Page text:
SAVi in practice
SAVi is being used by policy and investors around the world. We are currently working on assessments in:
- The Netherlands on off-shore wind assets, advising Rijkswaterstaat (Directorate-General for Public Works and Water Management), Ministry of Infrastructure and Water Management;
- Senegal on onshore wind and bus rapid transport infrastructure, advising the Bureau Opérationnel et de Suivi (Operational Bureau) of Le Plan Sénégal Emergent (Plan for an Emerging Senegal);
- Morocco on l’autoroute de contournement de Rabat (Rabat bypass motorway), advising Autoroutes du Maroc (Autoroutes of Morocco) and the International Road Federation;
- India on the cleaning and conservation of Lake Dal, Srinagar, State of Jammu and Kashmir;
- Canada on valuing the infrastructure services of Pelly’s Lake and Stephenfield Reservoir in Manitoba.
- Germany on onshore wind portfolios, working with B Capital Partners;
- Ghana on the upgrade of the public fleet of buses in Accra, advising the Ministry of Transport and the Green Climate Fund.
In the pipeline for SAVi are assessments on health infrastructure in India, nature-based infrastructure in Sri Lanka, solar technologies in Kenya, hydropower investments in Albania and other opportunities in Morocco and Senegal.
A Sustainable Asset Valuation of the Tirana–Durres Railway in Albania
This report presents the economic valuation of the Tirana–Durres railway in Albania, including its investment costs, added benefits, and avoided costs.
A Sustainable Asset Valuation of a Net-Zero Transport Strategy in Indonesia
This report presents the economic valuation of net-zero transport strategies in Indonesia—their investment costs, added benefits, and avoided costs—encompassing interventions such as investments in public transport, private vehicle electrification, teleworking, and decarbonization of the electricity supply.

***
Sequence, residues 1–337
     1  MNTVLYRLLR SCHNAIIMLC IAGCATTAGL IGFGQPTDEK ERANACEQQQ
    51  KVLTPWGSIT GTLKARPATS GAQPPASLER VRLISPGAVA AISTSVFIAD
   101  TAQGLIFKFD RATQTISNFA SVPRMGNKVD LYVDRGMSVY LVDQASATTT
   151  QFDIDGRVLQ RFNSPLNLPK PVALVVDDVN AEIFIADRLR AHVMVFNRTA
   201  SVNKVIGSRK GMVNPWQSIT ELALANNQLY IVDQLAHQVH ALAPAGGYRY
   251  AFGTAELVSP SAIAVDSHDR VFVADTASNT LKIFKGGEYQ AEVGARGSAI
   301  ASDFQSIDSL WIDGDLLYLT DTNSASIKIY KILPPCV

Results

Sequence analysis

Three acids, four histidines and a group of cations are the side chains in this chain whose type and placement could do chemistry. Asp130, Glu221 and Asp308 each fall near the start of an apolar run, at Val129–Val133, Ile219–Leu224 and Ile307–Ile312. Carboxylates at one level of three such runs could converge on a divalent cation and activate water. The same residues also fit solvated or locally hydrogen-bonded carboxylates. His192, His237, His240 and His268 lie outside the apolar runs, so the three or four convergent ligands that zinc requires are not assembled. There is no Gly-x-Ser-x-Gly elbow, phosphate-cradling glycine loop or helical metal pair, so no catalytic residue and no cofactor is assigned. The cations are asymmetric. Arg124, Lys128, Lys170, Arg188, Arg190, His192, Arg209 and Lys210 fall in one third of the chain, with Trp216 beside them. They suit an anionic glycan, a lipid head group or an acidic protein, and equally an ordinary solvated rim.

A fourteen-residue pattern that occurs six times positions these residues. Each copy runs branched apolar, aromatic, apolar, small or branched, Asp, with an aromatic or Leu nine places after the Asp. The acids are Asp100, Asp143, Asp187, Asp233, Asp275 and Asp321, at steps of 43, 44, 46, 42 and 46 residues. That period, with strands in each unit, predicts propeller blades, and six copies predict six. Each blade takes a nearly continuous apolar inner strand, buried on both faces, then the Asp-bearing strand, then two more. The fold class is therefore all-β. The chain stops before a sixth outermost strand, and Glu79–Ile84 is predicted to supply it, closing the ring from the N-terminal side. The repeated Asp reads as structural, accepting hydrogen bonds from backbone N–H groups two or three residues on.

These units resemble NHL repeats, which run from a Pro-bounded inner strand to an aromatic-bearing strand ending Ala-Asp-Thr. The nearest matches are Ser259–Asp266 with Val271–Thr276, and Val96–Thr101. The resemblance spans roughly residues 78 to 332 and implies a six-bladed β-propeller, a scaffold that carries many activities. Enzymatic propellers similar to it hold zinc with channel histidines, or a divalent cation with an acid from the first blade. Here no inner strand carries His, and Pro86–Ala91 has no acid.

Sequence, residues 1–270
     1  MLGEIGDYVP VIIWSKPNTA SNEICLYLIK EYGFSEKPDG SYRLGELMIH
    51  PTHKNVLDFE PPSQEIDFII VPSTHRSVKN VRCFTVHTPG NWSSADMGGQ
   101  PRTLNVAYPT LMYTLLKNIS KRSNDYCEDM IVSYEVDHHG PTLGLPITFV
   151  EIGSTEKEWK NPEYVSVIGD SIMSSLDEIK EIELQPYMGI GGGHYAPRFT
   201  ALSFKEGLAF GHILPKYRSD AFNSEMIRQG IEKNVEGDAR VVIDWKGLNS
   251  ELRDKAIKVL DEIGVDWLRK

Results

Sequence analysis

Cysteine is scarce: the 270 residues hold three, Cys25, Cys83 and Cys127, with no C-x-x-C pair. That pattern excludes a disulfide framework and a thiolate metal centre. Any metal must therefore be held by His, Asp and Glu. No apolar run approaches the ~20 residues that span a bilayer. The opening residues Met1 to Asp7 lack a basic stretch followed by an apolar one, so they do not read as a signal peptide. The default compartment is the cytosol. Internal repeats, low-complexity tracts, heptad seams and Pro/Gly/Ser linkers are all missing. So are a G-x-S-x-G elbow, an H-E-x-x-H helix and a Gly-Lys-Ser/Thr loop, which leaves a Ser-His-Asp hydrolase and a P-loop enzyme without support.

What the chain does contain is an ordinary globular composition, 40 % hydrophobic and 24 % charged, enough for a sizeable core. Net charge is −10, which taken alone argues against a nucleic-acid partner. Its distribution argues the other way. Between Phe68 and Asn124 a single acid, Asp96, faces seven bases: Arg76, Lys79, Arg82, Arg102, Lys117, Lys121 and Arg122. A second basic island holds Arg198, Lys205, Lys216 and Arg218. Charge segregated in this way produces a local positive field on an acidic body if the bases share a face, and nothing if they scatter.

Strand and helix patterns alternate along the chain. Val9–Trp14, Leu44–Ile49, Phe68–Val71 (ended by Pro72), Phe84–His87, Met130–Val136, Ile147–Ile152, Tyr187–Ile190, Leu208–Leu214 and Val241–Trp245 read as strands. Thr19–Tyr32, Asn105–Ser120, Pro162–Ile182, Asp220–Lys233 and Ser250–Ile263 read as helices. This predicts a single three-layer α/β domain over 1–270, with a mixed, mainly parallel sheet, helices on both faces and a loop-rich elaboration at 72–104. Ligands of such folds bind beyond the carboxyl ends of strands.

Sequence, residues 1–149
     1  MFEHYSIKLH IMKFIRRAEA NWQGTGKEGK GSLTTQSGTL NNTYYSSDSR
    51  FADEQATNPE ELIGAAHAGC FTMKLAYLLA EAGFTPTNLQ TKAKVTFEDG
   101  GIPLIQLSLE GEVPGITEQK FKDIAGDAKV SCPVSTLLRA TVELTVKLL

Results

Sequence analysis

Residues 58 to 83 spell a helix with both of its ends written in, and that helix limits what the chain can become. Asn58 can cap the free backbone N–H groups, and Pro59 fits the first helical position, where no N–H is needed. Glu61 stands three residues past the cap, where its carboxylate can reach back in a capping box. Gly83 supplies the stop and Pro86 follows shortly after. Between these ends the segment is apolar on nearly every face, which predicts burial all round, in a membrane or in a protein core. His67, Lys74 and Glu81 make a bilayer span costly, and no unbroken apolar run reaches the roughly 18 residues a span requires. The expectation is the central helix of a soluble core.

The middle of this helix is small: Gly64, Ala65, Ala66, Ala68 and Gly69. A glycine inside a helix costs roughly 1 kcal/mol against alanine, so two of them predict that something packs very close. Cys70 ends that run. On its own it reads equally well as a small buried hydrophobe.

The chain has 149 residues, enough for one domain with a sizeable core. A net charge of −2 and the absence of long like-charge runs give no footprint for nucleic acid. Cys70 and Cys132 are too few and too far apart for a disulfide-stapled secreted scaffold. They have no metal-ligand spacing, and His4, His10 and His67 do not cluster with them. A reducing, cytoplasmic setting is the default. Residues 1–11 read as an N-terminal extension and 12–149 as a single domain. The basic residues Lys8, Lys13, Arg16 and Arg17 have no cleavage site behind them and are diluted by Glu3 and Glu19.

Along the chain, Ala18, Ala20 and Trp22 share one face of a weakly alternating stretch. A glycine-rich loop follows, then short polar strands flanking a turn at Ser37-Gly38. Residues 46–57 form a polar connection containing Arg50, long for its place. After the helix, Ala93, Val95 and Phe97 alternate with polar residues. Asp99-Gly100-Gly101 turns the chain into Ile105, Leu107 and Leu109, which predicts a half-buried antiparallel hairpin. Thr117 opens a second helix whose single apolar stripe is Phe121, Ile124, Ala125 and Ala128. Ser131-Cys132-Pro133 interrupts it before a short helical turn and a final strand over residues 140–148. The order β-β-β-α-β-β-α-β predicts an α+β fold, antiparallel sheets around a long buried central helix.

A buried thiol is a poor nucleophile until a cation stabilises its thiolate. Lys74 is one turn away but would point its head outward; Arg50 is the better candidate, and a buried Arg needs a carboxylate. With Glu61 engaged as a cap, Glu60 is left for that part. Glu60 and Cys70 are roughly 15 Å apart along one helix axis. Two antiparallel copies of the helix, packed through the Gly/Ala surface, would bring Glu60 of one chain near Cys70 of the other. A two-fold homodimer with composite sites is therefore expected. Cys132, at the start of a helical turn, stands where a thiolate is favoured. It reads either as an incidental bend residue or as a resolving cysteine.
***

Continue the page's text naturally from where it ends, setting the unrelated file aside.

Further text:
A Sustainable Asset Valuation of the FAME II policy in India
This report presents the economic valuation of the second phase of the Faster Adoption and Manufacturing of Electric (& Hybrid) Vehicles (FAME II) policy in India and demonstrates its economic, social, and environmental outcomes under different scenarios.
A Sustainable Asset Valuation of a Bus Rapid Transit System in Bandung, Indonesia
This report presents the economic valuation of a planned Bus-Rapid Transit system in Bandung, Indonesia, including investment costs, added benefits, and avoided costs.
Factor Gender into Transportation Planning, IISD Analyst Urges Policy-Makers
Cost-benefit decisions on new transportation infrastructure that are gender-blind create a cost for women and the societies they live in, says an analyst with the International Institute for Sustainable Development (IISD).
Uncovering the Value of Sustainable Transport Investments
Using a case study in Coimbatore, India, IISD demonstrates the importance of recognizing, valuing, and reflecting the full economic, social and environmental benefits and costs of a transport project in infrastructure decision-making.
A Sustainable Asset Valuation of Non-Motorized Transport in Coimbatore, India
A Sustainable Asset Valuation (SAVi) of the economic, social, and environmental benefits of a non-motorized transport (NMT) network in Coimbatore, India.